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    Hi Tubegeek
    Thanks for the explanation, I will have to get my head around this and figure out how to implement my bias circuit. This is definitely going to be a learning experience.
     
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  4. tubegeek

    tubegeek Friend of Leo's

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    The one drawback I see with this scheme is, it lowers the B+ available for the preamp circuit compared to other bias schemes. Cathode bias would basically work out the same as this for the power amp, for any particular power transformer. But the high voltage node is kind of offset by the bias voltage, relative to ground, so the following power supply taps are based off the dropped voltage so they're starting off lower. The dropper resistors will be smaller than if the (-) end of the power supply was at 0 V the way we are used to seeing.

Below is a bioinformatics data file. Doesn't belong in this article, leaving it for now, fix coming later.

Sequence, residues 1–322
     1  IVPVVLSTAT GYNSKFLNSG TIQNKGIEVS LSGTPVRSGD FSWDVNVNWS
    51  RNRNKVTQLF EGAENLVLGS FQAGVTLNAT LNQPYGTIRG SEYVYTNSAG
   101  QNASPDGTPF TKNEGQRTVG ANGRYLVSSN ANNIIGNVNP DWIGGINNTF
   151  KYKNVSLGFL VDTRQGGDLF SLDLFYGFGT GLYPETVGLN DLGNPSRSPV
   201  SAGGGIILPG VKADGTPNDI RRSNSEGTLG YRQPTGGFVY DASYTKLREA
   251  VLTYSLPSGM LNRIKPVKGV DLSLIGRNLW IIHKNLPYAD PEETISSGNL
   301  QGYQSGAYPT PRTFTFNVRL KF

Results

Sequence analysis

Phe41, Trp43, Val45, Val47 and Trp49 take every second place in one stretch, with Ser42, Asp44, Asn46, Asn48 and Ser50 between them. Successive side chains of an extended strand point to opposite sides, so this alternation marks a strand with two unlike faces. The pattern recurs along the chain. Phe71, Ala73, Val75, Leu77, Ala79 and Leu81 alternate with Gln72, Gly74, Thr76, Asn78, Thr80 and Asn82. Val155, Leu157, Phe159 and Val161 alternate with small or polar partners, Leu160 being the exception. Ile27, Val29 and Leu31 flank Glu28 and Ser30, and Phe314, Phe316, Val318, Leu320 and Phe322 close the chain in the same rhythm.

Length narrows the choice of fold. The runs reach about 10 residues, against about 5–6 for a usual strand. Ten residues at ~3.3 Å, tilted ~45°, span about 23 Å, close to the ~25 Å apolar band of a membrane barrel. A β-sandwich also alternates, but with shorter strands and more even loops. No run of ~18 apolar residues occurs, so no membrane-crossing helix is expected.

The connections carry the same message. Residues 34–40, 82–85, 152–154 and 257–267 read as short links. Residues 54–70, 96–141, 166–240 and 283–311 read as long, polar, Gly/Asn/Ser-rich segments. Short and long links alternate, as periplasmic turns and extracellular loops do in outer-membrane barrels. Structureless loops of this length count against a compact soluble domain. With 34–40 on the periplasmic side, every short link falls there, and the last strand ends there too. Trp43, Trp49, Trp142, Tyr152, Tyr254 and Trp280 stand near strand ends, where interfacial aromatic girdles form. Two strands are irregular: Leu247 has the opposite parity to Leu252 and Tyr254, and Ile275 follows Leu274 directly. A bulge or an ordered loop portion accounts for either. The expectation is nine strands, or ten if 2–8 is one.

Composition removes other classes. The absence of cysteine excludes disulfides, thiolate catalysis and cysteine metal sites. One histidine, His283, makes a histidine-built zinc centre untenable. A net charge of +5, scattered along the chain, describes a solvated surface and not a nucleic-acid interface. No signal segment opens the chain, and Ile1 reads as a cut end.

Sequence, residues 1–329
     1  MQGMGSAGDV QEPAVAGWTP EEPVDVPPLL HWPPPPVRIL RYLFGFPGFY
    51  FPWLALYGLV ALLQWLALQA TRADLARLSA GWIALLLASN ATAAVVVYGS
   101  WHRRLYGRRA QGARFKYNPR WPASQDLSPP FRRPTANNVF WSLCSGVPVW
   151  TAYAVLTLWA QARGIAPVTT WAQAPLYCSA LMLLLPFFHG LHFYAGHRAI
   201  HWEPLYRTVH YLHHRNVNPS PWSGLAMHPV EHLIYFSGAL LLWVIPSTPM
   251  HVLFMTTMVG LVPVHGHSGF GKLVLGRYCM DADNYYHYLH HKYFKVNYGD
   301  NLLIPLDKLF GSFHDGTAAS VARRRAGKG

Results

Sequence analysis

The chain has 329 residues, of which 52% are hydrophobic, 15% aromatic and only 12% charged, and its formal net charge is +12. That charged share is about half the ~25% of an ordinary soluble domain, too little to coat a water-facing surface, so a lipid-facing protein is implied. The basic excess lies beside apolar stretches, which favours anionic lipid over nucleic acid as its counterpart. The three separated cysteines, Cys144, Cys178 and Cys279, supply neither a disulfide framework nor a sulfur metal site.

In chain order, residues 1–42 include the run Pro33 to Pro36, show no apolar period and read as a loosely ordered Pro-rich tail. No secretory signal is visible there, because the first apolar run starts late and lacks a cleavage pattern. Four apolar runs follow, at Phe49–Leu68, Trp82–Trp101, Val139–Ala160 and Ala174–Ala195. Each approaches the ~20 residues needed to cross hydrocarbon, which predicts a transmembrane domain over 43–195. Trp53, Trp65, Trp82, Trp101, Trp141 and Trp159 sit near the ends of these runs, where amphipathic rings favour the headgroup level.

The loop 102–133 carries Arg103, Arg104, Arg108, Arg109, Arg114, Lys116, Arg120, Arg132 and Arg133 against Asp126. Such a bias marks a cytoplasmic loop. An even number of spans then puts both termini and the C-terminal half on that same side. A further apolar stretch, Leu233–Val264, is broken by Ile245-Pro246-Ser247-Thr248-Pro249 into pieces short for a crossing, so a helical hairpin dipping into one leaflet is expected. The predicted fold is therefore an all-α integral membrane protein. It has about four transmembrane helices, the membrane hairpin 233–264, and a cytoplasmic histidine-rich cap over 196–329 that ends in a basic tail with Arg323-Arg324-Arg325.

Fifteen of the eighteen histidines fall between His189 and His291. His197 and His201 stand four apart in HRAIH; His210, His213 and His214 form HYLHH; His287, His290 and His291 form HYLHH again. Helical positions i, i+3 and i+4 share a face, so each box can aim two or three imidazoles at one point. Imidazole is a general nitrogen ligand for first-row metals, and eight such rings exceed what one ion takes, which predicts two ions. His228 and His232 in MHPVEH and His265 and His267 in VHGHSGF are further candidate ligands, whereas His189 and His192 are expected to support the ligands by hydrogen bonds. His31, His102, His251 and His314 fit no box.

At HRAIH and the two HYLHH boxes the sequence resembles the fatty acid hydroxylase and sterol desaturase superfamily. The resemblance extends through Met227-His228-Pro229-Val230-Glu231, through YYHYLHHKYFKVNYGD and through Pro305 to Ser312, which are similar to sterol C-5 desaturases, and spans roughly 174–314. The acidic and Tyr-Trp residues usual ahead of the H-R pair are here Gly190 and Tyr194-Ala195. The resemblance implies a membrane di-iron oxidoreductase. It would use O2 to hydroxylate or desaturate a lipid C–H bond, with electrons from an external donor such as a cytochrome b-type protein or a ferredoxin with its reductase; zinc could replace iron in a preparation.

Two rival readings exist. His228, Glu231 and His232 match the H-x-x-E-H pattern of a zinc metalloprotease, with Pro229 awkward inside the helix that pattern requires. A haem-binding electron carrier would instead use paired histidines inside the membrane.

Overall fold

5. elpico

    elpico Tele-Afflicted

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    Just use a fender style bias circuit. The Hammond one is a bad design.
     
  6. SnidelyWhiplash

    SnidelyWhiplash Friend of Leo's

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    You are a much braver soul than I, OP. Hope everything goes well.
     
  7. jmp81sc

    jmp81sc Tele-Meister

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    I think it will be easiest to use a tap off of the high voltage for the bias circuit. That is what is shown on the 6G3. I'll work up another schematic showing this.
    Thanks for your input everyone.
    John
     
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  8. tubegeek